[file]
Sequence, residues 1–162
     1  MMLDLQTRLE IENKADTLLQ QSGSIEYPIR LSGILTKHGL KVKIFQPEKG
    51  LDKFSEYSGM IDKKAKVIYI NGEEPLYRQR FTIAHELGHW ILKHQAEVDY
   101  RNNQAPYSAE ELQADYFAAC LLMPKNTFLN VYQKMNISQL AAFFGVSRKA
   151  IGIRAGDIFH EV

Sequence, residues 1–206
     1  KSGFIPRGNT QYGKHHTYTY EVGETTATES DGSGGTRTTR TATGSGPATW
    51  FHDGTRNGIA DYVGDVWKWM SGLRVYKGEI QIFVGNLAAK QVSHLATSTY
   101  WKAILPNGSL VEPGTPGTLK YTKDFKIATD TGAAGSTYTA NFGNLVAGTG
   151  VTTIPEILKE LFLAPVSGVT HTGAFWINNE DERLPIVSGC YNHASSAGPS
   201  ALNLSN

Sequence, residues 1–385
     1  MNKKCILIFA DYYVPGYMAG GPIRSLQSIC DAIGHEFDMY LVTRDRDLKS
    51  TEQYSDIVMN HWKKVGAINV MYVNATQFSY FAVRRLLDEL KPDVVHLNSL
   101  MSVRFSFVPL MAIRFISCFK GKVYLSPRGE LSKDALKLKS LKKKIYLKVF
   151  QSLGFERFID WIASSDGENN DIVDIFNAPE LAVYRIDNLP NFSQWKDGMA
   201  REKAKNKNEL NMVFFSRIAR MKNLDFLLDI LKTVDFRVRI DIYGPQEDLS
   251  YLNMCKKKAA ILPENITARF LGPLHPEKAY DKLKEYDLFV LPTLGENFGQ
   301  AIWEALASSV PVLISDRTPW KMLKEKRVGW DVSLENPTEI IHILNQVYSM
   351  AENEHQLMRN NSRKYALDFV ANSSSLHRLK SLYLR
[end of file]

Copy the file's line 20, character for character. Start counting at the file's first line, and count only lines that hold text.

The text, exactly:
   351  AENEHQLMRN NSRKYALDFV ANSSSLHRLK SLYLR